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High Rise Fire Safety

February 6, 2014

fire safetyMany times I write blog articles focused on fire safety for those living or working in single-family homes or small businesses. But as I look at the construction going on in the cities of Seattle, Bellevue, and beyond, the truth is that there’s a good number of people who spend a part, or majority, of their day in high-rise buildings. How does this affect fire safety?

First and foremost, you should always have an evacuation plan.  Ask yourself, as you read this blog article, if a fire happened what would you do?  Can you easily locate two ways to get out of your building? Each high-rise building in Seattle is required to have an emergency plan that is approved by the Fire Department. Do you know what your building’s plan is? Ask your building manager or floor warden to find out. All non-residential high-rise buildings in Seattle have a volunteer designated to train and know your building’s emergency plans.

Other advice:

–          Don’t take the elevators. They are recalled to the lobby of the building in an emergency to keep them from being used by the building occupants.

–          Don’t panic. Though you might be feeling frantic and afraid, a calm, orderly exit process down the stairwells is best for everyone’s safety.

–          Most high-rise buildings are equipped with sprinklers. These should activate to help stop the spread of the fire and give you and your family or coworkers time to exit the building.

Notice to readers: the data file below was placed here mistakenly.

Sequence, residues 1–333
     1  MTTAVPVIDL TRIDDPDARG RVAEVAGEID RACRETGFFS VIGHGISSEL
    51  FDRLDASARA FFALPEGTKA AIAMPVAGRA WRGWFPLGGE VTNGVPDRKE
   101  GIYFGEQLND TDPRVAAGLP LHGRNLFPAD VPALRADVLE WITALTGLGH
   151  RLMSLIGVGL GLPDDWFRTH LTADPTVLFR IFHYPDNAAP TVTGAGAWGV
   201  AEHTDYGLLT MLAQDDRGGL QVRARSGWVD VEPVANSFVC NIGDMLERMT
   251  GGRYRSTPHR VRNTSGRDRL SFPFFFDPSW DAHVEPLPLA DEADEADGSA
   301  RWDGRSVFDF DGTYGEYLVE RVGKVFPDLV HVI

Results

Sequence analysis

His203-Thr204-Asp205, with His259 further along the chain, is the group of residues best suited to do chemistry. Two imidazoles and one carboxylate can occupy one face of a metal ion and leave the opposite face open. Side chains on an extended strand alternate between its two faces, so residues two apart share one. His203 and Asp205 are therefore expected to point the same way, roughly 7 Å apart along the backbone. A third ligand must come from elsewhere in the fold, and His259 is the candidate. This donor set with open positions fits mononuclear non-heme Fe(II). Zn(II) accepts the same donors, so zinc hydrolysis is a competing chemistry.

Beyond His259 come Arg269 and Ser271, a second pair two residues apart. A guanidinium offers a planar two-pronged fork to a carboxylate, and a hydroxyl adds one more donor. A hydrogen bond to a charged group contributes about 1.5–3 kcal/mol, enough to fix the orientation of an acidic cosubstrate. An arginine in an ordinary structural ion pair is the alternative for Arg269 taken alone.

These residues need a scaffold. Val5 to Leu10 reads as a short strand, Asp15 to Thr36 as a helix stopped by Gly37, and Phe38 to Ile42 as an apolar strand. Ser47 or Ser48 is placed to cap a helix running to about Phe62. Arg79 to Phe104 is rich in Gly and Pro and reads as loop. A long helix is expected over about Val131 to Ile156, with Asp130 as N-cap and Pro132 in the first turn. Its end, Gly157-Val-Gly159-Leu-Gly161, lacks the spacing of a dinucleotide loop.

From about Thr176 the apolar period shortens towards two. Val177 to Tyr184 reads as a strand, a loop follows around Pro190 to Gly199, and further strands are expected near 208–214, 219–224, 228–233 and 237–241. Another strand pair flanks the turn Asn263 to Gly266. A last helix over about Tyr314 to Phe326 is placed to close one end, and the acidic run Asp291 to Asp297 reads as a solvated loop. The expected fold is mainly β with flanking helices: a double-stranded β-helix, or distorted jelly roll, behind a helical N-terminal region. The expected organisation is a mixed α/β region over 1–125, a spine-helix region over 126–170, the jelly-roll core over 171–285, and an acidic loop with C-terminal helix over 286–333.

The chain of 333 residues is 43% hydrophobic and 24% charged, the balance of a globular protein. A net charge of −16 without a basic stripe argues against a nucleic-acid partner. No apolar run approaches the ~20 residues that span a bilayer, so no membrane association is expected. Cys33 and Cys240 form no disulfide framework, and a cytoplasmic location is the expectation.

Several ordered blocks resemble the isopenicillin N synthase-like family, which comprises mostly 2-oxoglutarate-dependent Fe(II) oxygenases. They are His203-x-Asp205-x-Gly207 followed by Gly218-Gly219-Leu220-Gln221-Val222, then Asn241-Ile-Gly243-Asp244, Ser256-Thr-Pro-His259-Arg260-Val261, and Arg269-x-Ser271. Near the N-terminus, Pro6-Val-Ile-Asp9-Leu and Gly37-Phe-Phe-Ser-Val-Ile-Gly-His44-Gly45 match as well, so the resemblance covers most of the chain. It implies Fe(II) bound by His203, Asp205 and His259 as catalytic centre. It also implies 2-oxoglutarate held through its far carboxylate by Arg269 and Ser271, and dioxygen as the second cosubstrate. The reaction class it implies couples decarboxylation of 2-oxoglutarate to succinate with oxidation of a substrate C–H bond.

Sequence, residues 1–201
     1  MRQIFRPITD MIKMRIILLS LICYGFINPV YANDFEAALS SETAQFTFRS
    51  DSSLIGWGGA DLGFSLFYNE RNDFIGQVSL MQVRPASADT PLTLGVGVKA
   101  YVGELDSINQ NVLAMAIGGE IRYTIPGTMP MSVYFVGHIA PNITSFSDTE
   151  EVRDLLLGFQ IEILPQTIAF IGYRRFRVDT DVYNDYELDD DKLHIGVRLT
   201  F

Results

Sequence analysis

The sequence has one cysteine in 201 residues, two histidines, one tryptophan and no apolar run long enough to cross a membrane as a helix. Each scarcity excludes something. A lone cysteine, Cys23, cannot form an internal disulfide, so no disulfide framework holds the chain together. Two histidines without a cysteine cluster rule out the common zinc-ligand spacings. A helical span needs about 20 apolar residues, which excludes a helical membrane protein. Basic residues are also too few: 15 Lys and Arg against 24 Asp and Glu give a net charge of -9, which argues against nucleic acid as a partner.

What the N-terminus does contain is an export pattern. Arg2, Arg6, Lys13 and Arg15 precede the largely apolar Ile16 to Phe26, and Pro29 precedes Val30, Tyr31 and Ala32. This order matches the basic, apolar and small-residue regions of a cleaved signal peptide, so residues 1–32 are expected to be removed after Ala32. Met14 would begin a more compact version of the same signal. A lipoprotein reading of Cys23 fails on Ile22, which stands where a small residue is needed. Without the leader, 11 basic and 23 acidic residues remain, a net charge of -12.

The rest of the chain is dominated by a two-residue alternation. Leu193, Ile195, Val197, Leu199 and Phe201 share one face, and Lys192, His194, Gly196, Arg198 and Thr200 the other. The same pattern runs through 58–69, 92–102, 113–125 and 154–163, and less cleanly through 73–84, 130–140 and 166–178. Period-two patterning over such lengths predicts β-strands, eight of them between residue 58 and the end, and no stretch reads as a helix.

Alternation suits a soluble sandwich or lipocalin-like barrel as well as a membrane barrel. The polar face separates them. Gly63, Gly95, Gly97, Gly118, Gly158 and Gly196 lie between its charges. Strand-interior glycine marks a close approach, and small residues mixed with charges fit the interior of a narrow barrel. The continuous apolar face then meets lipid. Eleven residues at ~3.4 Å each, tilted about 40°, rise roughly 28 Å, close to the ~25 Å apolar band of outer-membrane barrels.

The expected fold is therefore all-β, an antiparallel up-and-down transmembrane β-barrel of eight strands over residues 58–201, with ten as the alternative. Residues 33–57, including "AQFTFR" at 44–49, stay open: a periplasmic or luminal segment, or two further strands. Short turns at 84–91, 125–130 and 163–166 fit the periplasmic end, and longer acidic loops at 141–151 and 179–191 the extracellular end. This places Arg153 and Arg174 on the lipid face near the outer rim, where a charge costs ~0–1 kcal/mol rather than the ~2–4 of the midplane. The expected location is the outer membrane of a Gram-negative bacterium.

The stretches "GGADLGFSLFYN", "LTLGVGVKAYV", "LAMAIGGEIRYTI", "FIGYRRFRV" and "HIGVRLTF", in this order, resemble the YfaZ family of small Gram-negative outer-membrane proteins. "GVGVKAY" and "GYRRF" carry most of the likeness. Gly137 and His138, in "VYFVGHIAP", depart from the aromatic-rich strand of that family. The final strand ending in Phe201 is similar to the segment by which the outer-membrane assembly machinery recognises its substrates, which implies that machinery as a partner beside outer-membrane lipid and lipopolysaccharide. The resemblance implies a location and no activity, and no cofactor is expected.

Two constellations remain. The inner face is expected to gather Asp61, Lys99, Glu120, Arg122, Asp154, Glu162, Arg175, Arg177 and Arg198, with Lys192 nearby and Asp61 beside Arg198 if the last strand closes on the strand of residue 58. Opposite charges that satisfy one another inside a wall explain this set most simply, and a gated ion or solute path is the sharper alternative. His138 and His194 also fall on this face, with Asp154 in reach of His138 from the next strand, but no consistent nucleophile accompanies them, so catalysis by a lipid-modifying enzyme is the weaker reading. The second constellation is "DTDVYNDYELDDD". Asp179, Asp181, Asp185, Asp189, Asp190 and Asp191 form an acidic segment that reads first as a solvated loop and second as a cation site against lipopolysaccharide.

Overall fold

–          If the fire is on a floor below you and you cannot evacuate, find a room with a window and a telephone, close the door and let people know you’re there.

  • It is not generally advisable, according to the City of Seattle Fire Department, to break or open windows. Often outside smoke will enter the room and put you at risk as well as make it harder to rescue you.
  • Block the gap under the door as best as possible. Shirts, towels, or anything you can fit in this gap will help prevent smoke from coming into the room.
  • Place a warning signal in the window. The most effective signal is one that will call attention to the fact you’re in there.

–          Review this plan periodically with your family or staff. Preparedness is the best way to remain safe in a fire emergency!

Lastly, and perhaps most importantly, once you begin an evacuation continue it. During a real emergency many people are panicking, misinformation floats around, and general chaos and confusion can become very real. If you start down the evacuation stairs, continue. Go outside the building, meet in your designated meeting area, and confirm that you are, in fact, safe to go back inside. It is better to be overly safe than sorry.


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